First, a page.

It’s my last night in Chicago for a while–now early morning, actually. I’ve stayed up way too late looking through a collection of letters Dad wrote when he was in Army basic training. That was in 1946, after World War II ended. The story we heard growing up, and I’ve got no reason to doubt it, is that Dad tried to enlist at the outset of the war but was rejected because he had a punctured eardrum. That condition gradually healed, and he was rated fit to serve and drafted in late 1945 and inducted into the Army in January 1946.
Part of his parents’ legacy that I heard about growing up was a collection of more than 100 letters my grandfather, Sjur Brekke, wrote my grandmother, Otilia Sieverson, during their courtship and early marriage in the first decade of the last century. (The courtship started at a Lutheran parish in Chicago, where he was a visiting minister in training and my grandmother’s family were charter members. Sjur was a smooth operator. We have a note he wrote to Otilia on the back of a business card; the subject was a couple of volumes of commentary on scripture he had “taken the liberty” of loaning her. He also offered to hook her up with more such volumes if she liked the first two.)
Sjur died in 1932, when Dad was 10, and he said his mother not only hung onto all those letters, but read and re-read them. She numbered them and kept each one in its original envelope; she wrote key phrases from each letter on the envelopes, apparently her way of prompting herself as to the contents. When she died in 1975, the letters passed on to my dad. They’re among the papers he left behind. (If you’re wondering about my grandmother’s letters to my grandfather, well, so do we. She destroyed them at some point after he died.)
What I didn’t know, though, was that my grandmother kept a second letter archive. She saved all the correspondence Dad wrote during his year-plus in the Army, starting with a postcard from Fort Sheridan, north of Chicago, the day he arrived for processing.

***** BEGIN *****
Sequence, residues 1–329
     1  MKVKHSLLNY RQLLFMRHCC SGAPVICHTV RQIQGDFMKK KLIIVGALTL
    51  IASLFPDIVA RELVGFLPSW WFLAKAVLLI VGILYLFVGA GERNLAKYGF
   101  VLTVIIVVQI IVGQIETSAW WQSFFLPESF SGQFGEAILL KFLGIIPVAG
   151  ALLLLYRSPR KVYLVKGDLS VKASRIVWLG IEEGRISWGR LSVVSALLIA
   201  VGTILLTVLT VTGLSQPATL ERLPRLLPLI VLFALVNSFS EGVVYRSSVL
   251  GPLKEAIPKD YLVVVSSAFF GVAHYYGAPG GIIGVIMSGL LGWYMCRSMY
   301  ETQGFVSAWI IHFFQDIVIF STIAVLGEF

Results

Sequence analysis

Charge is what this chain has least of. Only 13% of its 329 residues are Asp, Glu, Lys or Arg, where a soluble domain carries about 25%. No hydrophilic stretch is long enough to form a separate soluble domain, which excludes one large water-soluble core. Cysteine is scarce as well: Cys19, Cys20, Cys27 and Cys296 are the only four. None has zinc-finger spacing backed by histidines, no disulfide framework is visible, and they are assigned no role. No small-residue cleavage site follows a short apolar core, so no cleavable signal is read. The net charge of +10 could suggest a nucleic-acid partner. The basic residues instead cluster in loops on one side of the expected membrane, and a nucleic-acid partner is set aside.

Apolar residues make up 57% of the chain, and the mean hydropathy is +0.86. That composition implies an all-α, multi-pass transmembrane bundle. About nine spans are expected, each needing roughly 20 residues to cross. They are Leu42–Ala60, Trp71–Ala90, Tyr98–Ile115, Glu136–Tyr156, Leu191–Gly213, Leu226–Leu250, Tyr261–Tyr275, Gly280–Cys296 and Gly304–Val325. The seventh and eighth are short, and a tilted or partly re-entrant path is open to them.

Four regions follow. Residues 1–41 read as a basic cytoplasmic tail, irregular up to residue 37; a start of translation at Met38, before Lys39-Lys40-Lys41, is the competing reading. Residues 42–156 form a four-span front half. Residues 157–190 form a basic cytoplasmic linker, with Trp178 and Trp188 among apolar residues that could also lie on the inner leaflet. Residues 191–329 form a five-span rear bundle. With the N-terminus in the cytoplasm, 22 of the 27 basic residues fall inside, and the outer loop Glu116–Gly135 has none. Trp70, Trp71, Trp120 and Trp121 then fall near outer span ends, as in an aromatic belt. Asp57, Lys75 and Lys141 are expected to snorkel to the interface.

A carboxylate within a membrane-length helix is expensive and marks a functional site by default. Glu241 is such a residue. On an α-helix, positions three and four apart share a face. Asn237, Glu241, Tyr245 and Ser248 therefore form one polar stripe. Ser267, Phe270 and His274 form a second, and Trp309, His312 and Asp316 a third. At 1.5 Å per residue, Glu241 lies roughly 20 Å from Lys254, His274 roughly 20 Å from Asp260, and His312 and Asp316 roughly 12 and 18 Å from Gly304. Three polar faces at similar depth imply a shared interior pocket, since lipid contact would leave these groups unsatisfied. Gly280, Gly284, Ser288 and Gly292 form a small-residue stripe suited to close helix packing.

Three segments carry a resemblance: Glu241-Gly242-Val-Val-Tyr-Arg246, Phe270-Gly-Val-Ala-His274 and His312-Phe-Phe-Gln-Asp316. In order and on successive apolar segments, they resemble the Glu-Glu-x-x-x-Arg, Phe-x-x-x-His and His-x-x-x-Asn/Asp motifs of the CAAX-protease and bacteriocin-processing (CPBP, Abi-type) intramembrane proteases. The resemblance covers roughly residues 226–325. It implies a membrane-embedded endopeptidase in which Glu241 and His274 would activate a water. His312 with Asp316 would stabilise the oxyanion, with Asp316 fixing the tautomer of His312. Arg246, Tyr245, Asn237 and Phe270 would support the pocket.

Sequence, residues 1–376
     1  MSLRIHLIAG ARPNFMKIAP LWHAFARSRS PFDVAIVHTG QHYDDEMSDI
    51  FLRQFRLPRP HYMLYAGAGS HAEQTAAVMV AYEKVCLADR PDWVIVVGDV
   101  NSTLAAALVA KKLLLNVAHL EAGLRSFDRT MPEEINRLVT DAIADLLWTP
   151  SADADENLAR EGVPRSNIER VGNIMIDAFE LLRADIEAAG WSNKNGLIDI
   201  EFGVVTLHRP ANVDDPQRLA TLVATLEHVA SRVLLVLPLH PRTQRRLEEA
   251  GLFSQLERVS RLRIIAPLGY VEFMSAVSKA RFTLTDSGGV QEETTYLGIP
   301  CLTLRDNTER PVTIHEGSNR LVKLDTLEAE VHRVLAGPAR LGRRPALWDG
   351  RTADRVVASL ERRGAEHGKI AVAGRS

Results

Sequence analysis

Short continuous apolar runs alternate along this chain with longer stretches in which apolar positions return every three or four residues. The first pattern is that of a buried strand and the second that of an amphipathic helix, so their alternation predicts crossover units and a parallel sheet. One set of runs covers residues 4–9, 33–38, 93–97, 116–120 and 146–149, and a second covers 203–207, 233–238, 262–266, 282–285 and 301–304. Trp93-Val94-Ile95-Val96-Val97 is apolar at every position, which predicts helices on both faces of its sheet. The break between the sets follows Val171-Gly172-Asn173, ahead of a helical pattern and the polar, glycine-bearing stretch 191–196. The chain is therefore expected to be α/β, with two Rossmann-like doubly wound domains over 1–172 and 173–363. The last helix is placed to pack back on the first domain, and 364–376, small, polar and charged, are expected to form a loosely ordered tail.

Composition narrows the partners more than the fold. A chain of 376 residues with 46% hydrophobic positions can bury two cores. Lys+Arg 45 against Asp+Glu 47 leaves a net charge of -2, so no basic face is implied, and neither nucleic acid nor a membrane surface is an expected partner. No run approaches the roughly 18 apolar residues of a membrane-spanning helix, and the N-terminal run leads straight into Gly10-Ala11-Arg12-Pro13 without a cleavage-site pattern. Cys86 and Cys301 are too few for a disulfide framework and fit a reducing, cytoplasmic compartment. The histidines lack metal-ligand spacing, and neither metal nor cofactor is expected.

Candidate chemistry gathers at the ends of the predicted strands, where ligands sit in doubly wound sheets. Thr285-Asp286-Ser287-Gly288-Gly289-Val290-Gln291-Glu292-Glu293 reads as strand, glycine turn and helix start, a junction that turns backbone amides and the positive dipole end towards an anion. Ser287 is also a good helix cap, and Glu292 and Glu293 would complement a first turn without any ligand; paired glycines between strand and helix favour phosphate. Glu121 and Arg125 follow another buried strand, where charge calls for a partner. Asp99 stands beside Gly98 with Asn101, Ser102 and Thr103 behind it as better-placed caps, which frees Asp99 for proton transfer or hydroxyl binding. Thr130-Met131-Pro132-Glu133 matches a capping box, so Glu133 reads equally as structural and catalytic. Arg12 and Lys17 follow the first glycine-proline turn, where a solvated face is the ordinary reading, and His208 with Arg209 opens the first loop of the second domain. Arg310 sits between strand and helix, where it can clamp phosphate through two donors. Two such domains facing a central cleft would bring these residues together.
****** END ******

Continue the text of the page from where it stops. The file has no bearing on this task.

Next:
“Dear Mother: Here I am, a private in Uncle Sam’s Army,” he began. I’m guessing the postcard was something the Army had its new inductees do to reassure the home folks they were OK.
There are about 75 of these letters in all–20 or so from his time in basic training, which took him to Fort Bliss, near El Paso, Texas, and another 50-some from his time serving in the occupation of Germany.
Leafing through the basic-training letters the other day, I felt like I was getting to know a person about whom I had only heard vague accounts. One thing comes through very clearly: the Army wasn’t really for him. He was interested in learning what he could in the ranks–he was being trained in a field anti-aircraft battery–but he had his own agenda, which always seemed to come back to music and whether he could finagle a way into an Army band (he didn’t). He also loved the opportunity to see a part of the country, dry, desolate West Texas, that was completely new to him.
I read a few of the letters aloud the other day to my siblings. One in particular delighted us. Dad describes a trip up to an artillery range to fire anti-aircraft and machine guns at aerial targets. It sounds like he enjoyed that somewhat. But he also liked the chance to camp out:
“Monday nite we slept under the stars on the New Mexican sand. The sand retains the heat pretty well and I had warm blankets along, so slept very comfortably. In fact it was a lot of fun. 4 or 5 of us slept near each other and sang songs and ate cookies and candy far after dark.”
Sounds like a kid at camp. He was also thrilled to go without shaving or bathing and said the grime made him “look as dark as a negro” (of whom there were none in his unit, of course). I’m not sure he ever really had any significant outdoors adventures before this. His parents were older and given to recreations like attending revival meetings. During an extended stay in Los Angeles in the early ’30s, they took Dad to see Amy Semple McPherson preach at her Church of the Foursquare Gospel.
The scan of the full letter is below.
4 Replies to “‘A Private in Uncle Sam’s Army’”
What a neat story.
Humans are humans and from history we can see the good and bad that we do hasn’t changed too much over the ages but Grandpa’s experience singing and eating cookies and candy with his fellow soldiers seems hard to fathom in this day and age.
By the way, that image of Grandpa is the most like you I have ever seen.
I like that photo of Pop…great letter…